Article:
- The interest rate for Subsidized and Unsubsidized Direct Loans is a variable fixed rate of 4.99% for undergraduates
- The interest rate for Unsubsidized Direct Loans is a variable fixed rate of 6.54% for graduate students loans
- The interest rate for Parent PLUS Loan is a variable fixed rate of 7.54%
- The interest rate for the Graduate PLUS is a variable fixed rate of 7.54%
If you have subsidized loans, you won't be charged any interest as long as you are enrolled at least half-time (6 credits undergraduate and 4 credits graduate) or during authorized periods of deferment.
If you have unsubsidized loans, you will be charged interest from the day the loan disbursed until it is repaid. You are able to pay interest on a quarterly basis even if you are not required to make monthly loan payments. If you do not pay the interest while in school, grace or authorized deferment periods, your interest will capitalize (your unpaid interest becomes additional loan principal).
Effective July 1, 2022, interest rates on Federal Student loans will increase by about 1.25% for loans disbursed between July 1, 2022 and June 30, 2023. If you plan to borrow Federal student loans for summer, we recommend that you complete these steps in order to take advantage of the current lower interest rates:
- Submit the Summer Aid Application as soon as possible
- Accept your loan offer via the Student Portal before June 20, 2022
- If this is your first time borrowing, be sure to complete Entrance Counseling and sign a Master Promissory Note before June 20, 2022
Federal Loan Origination Fees
Loan fees have had small reductions for loans disbursed on or after October 1, 2020 and before October 1, 2022.
- The loan fee for Direct Subsidized Loans and for Direct Unsubsidized Loans will be 1.057%
- The loan fee for Direct PLUS Loans (for both parent and graduate and professional borrowers) will be 4.228%
When do I repay my loans and what are the terms?
After you graduate, withdraw or drop below half-time enrollment status, you will have 6 months before you begin monthly repayment. This is called your grace period. During the grace period for all Direct Loan subsidized loans, no interest will accrue for the borrower.
- Before graduation, you will be required to participate in Exit Loan Counseling online. This process will be helpful in making a decision about your repayment plan.
- Your loan servicer will provide you with information on their general and secured website, by email and/or by letter.
- The Direct Loan Program offers you a choice of repayment plans. You may also change your repayment plan.
- For the most up-to-date information on repayment plans, please visit the Federal Student Aid website.
Can loan payments be postponed or loans forgiven?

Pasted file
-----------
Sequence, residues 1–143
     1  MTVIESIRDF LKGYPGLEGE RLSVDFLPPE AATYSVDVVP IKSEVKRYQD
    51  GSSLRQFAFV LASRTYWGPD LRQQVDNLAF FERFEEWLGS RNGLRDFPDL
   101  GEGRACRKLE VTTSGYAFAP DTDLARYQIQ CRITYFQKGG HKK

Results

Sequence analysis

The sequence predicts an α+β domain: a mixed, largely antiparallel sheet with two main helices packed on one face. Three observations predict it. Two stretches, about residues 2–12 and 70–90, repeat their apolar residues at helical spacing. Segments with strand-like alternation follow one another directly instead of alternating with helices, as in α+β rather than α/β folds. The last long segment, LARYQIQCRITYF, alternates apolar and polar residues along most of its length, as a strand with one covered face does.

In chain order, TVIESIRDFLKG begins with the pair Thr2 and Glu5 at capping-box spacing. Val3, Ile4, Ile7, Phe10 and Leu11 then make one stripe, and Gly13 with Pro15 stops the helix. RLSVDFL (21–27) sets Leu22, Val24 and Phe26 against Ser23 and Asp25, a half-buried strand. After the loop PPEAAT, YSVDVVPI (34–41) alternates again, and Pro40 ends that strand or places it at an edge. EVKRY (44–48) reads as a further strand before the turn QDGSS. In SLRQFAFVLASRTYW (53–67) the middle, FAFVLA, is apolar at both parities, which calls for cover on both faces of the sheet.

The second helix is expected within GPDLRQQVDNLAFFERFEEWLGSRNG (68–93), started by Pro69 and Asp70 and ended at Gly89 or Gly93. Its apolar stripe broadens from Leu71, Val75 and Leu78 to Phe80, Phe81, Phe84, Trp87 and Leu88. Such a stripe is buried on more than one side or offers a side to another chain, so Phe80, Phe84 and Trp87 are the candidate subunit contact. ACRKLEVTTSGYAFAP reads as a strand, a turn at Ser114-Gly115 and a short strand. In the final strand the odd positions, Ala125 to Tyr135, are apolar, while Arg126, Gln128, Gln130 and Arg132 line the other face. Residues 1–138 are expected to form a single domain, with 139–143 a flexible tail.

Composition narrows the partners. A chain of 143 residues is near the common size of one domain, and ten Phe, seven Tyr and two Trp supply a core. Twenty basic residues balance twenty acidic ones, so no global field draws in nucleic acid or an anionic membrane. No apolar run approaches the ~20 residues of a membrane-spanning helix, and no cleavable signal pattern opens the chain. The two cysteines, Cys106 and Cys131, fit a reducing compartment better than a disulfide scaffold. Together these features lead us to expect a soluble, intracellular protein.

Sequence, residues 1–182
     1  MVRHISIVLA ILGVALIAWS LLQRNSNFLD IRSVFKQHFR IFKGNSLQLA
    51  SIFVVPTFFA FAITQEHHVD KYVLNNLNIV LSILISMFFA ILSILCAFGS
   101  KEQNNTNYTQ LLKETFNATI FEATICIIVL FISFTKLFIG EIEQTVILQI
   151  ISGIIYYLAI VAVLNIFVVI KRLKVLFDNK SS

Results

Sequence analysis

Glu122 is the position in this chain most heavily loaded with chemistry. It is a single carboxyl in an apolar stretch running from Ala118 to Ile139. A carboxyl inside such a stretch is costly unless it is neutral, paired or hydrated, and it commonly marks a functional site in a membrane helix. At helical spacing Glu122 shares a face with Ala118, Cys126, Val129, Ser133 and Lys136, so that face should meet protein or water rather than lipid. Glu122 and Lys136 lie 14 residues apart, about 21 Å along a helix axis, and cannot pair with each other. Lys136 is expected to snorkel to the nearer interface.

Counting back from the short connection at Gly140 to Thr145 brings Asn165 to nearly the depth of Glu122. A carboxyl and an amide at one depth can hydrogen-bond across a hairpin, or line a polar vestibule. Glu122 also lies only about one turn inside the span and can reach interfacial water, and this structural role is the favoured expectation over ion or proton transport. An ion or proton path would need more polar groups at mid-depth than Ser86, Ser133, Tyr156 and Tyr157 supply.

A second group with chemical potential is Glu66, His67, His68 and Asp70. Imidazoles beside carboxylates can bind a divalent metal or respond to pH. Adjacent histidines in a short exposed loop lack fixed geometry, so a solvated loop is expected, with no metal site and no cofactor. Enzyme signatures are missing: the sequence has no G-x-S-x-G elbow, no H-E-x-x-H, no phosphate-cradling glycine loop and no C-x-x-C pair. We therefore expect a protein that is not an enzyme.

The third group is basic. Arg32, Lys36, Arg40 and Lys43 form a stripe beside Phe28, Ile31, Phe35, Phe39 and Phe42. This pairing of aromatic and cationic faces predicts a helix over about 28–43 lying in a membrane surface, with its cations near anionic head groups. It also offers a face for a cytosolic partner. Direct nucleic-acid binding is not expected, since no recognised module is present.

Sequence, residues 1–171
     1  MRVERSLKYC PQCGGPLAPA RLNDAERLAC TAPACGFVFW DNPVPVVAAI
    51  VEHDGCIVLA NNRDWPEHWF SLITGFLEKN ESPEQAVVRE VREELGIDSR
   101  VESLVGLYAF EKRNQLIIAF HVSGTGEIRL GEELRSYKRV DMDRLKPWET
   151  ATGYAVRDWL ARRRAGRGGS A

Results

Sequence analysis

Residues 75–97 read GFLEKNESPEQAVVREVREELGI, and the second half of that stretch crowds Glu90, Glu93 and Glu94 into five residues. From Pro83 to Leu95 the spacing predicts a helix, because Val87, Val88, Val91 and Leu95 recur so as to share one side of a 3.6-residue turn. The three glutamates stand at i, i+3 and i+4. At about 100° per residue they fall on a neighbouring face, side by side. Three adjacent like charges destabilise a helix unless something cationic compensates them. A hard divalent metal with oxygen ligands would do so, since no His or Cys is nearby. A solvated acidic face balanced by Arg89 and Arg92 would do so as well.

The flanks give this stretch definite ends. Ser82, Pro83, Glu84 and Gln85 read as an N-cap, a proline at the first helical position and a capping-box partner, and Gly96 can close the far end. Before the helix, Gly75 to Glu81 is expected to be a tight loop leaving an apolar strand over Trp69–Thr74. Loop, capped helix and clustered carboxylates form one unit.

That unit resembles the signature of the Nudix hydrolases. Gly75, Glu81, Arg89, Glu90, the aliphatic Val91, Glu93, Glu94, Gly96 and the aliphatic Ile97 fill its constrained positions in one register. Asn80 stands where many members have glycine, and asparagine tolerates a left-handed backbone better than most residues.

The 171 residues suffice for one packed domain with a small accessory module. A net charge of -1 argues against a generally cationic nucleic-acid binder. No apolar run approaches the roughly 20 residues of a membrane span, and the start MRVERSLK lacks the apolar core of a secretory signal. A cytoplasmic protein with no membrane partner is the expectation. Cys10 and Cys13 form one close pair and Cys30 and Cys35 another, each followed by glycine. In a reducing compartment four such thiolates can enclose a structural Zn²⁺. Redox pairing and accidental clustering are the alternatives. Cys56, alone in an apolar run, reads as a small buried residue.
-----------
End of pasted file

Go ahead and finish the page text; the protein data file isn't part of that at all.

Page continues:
Under certain conditions, you can receive a deferment or a forbearance as long as your loan is not in default. A deferment allows the temporary postponement of payment.
One of the most important parts of your Entrance Loan Counseling and your Exit Loan Counseling discusses the situations in which these options would apply. You may wish to visit the Federal Student Aid website for information and forms for deferments and forbearances, and other special circumstances for borrowers, including cancellation, forgiveness or discharge of loans.
What happens if I don't repay my loan?
Failure to repay a loan according to the terms agreed to when you signed promissory notes will result in a status called default. In many cases, default can be avoided by submitting a request for deferment, forbearance or cancelation and by providing the required documentation before you reach the point of default.
The consequences of default are severe. Action may be taken to recover the money, including notifying national credit bureaus of your default. This will affect your credit rating for a long time. For example, you may find it very difficult to borrow money from a bank to buy a house or a car. In addition, if your account is turned over to the U.S. Department of Education for collection, the Internal Revenue Service (IRS) might withhold any U.S. individual income tax refund and apply it to the amount that you owe, or the agency holding your loan might ask your employer to deduct payments from your paycheck. In addition, you are responsible for the expenses in collecting the loan. If you decide to return to school, you will not be eligible for any additional Federal student aid until your loan has been repaid or you have made satisfactory payment arrangements (and kept them.) You may even face legal action.